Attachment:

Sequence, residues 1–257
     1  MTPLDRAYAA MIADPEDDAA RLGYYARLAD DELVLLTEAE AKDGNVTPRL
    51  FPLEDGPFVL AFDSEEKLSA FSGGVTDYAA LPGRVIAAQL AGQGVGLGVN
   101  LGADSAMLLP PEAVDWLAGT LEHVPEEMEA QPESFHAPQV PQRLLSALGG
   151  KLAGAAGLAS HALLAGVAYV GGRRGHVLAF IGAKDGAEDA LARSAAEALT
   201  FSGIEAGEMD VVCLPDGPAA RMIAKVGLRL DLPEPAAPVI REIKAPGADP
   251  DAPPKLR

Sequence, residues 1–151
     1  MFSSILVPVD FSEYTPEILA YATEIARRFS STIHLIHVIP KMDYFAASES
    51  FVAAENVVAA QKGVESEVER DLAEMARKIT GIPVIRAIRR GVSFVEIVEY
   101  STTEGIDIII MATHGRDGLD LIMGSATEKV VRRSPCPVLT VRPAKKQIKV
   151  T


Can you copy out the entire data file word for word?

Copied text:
Sequence, residues 1–257
     1  MTPLDRAYAA MIADPEDDAA RLGYYARLAD DELVLLTEAE AKDGNVTPRL
    51  FPLEDGPFVL AFDSEEKLSA FSGGVTDYAA LPGRVIAAQL AGQGVGLGVN
   101  LGADSAMLLP PEAVDWLAGT LEHVPEEMEA QPESFHAPQV PQRLLSALGG
   151  KLAGAAGLAS HALLAGVAYV GGRRGHVLAF IGAKDGAEDA LARSAAEALT
   201  FSGIEAGEMD VVCLPDGPAA RMIAKVGLRL DLPEPAAPVI REIKAPGADP
   251  DAPPKLR

Sequence, residues 1–151
     1  MFSSILVPVD FSEYTPEILA YATEIARRFS STIHLIHVIP KMDYFAASES
    51  FVAAENVVAA QKGVESEVER DLAEMARKIT GIPVIRAIRR GVSFVEIVEY
   101  STTEGIDIII MATHGRDGLD LIMGSATEKV VRRSPCPVLT VRPAKKQIKV
   151  T